I noticed the other day, after my last post, that I only made three posts in the entire month of August. I wasn’t feeling much in the writing mood last month, but didn’t realize just how much of a stump I was in. I apologize for not being as present in my blog as of late. I have been trying to keep up with my reading of blogs too, but it’s been hard. I feel so far behind. I don’t even know why this is happening. In the beginning of the summer, I was in a low and was working hard to come out of it. But, as August approached, I seemed to have gone back down again. Yet, I’m not depressed right now. The strange thing is that I’m finding myself feeling fatigued and emotional at times, but then I come right back up and feel ok again. Again, it’s not depression that I’m feeling, though. It’s something else. I can’t help but think it has to do with my therapist. August has never been my favorite month, as I discussed in my post I Never Liked August. However, I think my therapist going on vacation is what has made me go down. It’s been on my mind all month, as I’ve dreaded this time away from her.

I know I have anxiety due to it, and my Tourette’s has flared up too. It always flares up during times of immense stress and anxiety. In the past, it flares up each time she has gone away for long periods of times. Now, as and adult, my Tourette’s is mild and not as bad as it was when I was a kid, but it’s still there. I hope it eases soon, because the facial tics are hard to deal with. The facials are worse than the vocal tics, as they cause me to be unable to breathe sometimes, until I can get the tic finished. The sensations are in my nose and throat, so those aren’t the best places.

So, as the summer comes to a close, and the fall is just around the corner, I am trying to bring myself to a place of stability that makes me feel good. I’m worried, as Christmas gets closer, as I have tended to fall into a seasonal depression the last five years now. But, I’m hoping this year will be different.

I have come a long way since my diagnosis in 2009. I have been thinking about that a lot lately. Sometimes, I wonder if maybe I don’t need my meds anymore. Maybe I just think I do, and if I stop them, then I will be able to handle everything. I will wonder if maybe the doctors have it all wrong. I’ve read that it’s common to feel that way… often questioning your diagnosis. But, I still can’t help but wonder if maybe I could stop all of the meds and I’ll be fine. However, then I remember those days.

I remember the days when I’d be in a state of utter despair and feeling as if I didn’t have anything for which to live anymore. I remember those days of standing in the kitchen and screaming at my mom in pain. I was hurting inside, and couldn’t put it into words. All that I could say to her was that it hurt and that something was wrong in my head. I screamed at her, “There’s something wrong!” I’d proceed to bang my head on the wall and punch it with my fists. It was as if I had hoped that whatever it was would come out. The pain felt good too, ‘cause I knew that I was causing it. I had a source for it, whereas the other pain didn’t have a source. It was this mysterious torturer that was attacking my soul.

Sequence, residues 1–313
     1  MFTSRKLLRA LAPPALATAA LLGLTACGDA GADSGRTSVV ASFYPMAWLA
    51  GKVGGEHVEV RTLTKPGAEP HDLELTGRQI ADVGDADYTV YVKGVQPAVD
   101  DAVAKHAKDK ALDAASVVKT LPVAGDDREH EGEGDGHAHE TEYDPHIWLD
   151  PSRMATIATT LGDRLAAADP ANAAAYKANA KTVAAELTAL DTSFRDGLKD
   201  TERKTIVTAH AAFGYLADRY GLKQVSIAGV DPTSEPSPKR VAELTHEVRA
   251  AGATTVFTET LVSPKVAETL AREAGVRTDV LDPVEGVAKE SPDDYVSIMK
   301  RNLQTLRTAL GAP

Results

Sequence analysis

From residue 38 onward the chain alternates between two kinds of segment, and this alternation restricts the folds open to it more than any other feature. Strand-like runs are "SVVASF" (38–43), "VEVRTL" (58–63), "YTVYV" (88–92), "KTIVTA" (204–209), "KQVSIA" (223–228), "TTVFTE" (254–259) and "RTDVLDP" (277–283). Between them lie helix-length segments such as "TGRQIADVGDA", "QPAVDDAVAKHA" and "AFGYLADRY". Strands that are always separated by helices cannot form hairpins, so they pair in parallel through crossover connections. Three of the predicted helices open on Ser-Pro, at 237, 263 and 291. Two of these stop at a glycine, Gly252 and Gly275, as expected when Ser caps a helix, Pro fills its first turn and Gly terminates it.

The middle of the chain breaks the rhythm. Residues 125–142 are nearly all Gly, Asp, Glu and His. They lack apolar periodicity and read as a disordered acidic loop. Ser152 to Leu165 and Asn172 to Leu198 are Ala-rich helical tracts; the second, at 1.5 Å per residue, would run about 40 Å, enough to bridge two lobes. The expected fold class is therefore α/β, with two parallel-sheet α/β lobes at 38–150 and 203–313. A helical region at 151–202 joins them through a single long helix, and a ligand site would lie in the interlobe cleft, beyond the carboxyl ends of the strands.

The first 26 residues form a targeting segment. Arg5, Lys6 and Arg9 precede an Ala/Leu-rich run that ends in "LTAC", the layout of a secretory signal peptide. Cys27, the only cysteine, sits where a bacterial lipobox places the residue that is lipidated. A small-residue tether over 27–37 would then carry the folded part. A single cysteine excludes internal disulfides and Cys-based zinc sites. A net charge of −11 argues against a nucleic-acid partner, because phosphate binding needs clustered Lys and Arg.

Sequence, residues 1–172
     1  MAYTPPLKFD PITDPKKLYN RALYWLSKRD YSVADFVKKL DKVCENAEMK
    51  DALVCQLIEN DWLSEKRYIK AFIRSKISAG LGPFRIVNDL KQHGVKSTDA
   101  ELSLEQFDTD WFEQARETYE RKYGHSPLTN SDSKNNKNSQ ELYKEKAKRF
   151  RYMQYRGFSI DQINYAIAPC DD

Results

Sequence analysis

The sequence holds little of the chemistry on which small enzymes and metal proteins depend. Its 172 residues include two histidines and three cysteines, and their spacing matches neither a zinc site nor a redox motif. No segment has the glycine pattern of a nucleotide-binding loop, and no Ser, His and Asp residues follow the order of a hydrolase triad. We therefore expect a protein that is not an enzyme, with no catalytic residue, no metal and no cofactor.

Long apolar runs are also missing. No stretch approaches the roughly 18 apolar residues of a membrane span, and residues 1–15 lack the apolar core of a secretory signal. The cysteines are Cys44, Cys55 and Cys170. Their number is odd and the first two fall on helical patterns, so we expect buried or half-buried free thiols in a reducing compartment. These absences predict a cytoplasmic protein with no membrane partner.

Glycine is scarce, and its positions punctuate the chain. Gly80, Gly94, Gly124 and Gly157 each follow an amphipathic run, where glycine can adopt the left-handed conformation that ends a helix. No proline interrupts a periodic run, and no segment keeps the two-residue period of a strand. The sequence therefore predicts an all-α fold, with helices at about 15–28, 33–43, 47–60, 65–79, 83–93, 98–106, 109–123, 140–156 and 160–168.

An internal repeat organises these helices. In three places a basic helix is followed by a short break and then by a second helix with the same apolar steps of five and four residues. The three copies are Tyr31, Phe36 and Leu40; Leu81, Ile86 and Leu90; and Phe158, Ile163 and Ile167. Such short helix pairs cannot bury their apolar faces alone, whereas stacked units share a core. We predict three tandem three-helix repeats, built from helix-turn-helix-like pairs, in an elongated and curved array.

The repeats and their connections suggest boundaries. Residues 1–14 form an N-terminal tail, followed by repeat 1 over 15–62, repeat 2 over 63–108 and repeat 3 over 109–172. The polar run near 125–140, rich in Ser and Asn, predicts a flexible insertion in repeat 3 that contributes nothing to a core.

I remember the day I walked around the house looking for a place that would support my weight to hang myself. I just wanted it all to be over, and my prayers to God to take me weren’t doing anything. I couldn’t bring myself to do it, though. I didn’t want to do that to my parents. I knew they’d be the ones to find me. I couldn’t put them through that. In addition, my faith teaches me that it’s a sin to commit suicide. I’ve done a lot of research about that, actually. I’ve wanted to know if it really is a sin. I still have yet to find a definitive answer. I’ve found opinions, but nothing more. So, I would just go back to praying and hoping that God would finally take me home.

To be clear, I’m not in that place right now. I haven’t been that low in a long time. But, I remember it clearly, when I allow myself to reflect back to that time. In doing so, I also allow myself to realize that I truly have come a long way. To not be in that place anymore feels wonderful. I’ve reached pretty low places in regard to depression episodes since, but never that low. The meds are helping, and I am grateful for that.

It is, then, that I remember… when I know that I must not stop my meds. I must not stop doing what I’m doing; otherwise I will slip back down into that place, and may not come out of it next time. Then, there is the opposite end of the spectrum. I’m often tempted to stop my meds to feel that hypomanic euphoria. I want to feel that. It’s such a great emotional high, and I get so much done during that time. Sleep becomes completely unnecessary and I love that ‘cause I don’t like to force myself to sleep every night. But, I know it’s not a good place to be either. It may not always be as bad as the depression in terms of mood (although, it can be in its own way), but it is in terms of safety and health. I try hard to remind myself that I need these meds to remain balanced. I hope that I never lose that focus.